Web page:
No Nails, No Lumber: The Bubble Houses of Wallace Neff by Jeffrey Head

By Jeffrey Head

Think a home built in below forty-eight hours, with no utilizing lumber or nails, that's extra proof against hearth, earthquakes, and hurricanes than any usually equipped constitution. this can sound just like the most recent improvement in prefab housing or eco-friendly structure, however the layout dates again to 1941 while architect Wallace Neff (1895 1982) built Airform development as an answer to the worldwide housing quandary. most sensible recognized for his stylish Spanish Colonial revival estates in Southern California, Neff had a personal ardour for his dome-shaped "bubble homes" made from bolstered concrete solid in place over an inflatable balloon. No Nails, No Lumber indicates the wonder and flexibility of Neff 's layout in new and classic images, formerly unpublished illustrations, and archival fabric and ephemera.

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12 – 16: Attached, the Airform balloon was inflated on the anchor under constant air pressure. A layer of gunite was sprayed over the balloon, wrapped in a wire mesh, and covered with a second layer of gunite.  17: Cars lined up to view the completed Falls Church Airforms. , to be the consultant for the interior design. 9 Despite expressing interest, the government committed to very few projects, limited to several administrative buildings for the Navy in San Pedro and for the Marine Corps in San Diego.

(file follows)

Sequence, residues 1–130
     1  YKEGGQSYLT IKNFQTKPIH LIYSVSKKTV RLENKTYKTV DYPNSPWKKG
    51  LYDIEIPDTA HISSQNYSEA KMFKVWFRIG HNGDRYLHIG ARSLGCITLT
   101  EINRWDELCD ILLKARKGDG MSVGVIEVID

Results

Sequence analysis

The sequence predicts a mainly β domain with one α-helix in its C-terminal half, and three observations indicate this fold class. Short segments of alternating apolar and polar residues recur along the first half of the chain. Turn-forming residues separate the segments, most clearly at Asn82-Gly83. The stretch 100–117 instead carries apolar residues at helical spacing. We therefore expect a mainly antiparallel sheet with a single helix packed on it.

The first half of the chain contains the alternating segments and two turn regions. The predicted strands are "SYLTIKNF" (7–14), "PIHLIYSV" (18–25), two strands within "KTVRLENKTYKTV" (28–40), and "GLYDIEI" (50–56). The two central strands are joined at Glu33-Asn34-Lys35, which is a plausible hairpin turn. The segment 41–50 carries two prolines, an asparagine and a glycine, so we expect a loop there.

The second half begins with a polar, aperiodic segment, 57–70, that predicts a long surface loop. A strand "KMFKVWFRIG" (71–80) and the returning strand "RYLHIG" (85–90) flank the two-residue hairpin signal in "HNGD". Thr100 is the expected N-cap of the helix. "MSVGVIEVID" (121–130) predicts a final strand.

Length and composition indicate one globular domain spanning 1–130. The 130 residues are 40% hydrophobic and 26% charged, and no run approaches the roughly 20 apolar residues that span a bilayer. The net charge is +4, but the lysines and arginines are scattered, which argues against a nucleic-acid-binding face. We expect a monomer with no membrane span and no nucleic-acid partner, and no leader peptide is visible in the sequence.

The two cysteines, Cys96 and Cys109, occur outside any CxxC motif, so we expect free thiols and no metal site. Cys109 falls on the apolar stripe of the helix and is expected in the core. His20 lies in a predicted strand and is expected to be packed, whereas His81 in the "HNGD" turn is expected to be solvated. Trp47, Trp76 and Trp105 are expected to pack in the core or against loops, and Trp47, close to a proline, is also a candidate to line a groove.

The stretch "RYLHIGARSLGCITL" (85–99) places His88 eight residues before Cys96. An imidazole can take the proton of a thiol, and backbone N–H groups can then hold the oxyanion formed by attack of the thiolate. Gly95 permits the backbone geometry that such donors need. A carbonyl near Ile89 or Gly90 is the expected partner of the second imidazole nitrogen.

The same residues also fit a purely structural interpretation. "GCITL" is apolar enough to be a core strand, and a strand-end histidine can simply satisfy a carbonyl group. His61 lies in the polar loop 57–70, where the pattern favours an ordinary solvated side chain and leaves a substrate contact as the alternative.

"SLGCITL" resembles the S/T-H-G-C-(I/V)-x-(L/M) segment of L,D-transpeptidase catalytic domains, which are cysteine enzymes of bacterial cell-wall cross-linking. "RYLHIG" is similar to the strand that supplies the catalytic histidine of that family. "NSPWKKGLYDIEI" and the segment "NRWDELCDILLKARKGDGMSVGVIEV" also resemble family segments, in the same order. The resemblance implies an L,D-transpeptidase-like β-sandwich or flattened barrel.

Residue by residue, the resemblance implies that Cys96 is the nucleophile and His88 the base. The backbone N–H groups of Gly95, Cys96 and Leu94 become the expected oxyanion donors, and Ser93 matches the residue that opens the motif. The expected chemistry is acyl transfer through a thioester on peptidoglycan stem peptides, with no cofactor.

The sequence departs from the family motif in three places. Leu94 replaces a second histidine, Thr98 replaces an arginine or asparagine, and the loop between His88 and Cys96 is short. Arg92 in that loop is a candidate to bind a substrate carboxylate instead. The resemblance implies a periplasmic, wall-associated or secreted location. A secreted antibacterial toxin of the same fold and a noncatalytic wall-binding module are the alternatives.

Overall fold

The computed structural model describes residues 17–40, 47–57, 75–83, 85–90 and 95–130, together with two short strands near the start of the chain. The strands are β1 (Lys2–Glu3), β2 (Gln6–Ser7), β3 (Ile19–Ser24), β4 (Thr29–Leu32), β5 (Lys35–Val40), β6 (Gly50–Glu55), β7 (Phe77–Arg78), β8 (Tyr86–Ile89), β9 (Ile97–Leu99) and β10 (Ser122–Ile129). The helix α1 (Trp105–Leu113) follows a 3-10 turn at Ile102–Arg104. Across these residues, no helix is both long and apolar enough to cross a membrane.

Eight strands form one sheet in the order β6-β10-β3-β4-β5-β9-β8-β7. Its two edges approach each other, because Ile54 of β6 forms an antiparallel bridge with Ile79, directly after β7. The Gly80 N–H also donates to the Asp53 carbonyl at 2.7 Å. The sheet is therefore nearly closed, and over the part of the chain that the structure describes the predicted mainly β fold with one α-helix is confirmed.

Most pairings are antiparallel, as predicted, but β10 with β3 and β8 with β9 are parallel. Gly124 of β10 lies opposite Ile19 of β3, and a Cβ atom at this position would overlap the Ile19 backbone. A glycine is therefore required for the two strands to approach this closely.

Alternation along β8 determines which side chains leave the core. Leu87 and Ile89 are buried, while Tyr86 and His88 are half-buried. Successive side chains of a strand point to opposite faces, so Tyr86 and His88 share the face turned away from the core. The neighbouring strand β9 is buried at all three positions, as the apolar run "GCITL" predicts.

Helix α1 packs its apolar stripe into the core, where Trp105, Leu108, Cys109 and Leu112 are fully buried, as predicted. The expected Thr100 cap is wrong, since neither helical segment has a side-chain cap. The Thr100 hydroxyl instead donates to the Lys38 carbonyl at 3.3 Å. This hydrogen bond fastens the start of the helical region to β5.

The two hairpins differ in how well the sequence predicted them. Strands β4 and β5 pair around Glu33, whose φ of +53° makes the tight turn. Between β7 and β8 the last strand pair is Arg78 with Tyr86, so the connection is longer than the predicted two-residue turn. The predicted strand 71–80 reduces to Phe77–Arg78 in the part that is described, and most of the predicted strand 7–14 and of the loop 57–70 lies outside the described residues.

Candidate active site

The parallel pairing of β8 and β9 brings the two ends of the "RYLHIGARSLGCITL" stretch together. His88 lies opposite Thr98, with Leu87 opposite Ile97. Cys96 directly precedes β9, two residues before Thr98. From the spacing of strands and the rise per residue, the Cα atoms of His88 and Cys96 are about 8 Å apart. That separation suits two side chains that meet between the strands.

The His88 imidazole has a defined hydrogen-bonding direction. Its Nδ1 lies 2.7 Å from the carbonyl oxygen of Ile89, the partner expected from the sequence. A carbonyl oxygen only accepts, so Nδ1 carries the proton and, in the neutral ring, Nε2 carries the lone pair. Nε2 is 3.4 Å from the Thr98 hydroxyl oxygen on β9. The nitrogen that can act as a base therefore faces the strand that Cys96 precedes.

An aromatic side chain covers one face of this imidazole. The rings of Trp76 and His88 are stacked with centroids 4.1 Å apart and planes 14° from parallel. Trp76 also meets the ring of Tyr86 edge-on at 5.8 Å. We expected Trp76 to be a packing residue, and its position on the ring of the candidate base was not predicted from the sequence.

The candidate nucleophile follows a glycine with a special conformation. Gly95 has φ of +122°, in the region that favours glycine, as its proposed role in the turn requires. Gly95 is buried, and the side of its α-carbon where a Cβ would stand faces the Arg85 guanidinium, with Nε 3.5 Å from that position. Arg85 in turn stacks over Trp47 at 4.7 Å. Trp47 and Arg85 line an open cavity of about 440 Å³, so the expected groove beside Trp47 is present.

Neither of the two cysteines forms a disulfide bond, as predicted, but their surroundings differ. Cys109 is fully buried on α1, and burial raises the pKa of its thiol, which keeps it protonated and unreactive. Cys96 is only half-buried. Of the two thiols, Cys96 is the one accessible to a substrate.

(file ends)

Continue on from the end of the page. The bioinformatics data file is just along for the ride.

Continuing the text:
7 – 16] The floors were made of an asphalt tile and finished with a wood floor, which many covered with linoleum. Although fireplaces and bookcases were planned for the units, they were not included in every house. For the exteriors, white paint was mixed with the gunite to create efficiency and reduced cost. For the metal sash windows, Neff chose the same dark green color for the painted wood shutters that he had used on the mansion he built for Hollywood legend and his one-time business partner, King Vidor.

1 For neighbors, the implosion sounded like a bomb. Once the house was completed, neighbors began to protest the design. Neff was obliged to landscape the property to make it less visible.  44 + 45] The Andrew Neff House is unique among extant Airform structures for its bomb shelter, built in 1962 under the side yard. It was intended to serve as a functional model and promote a new use for the Airform design. The underground shelter was built on a 4" slab foundation using the same method of construction as the standard bubble house.

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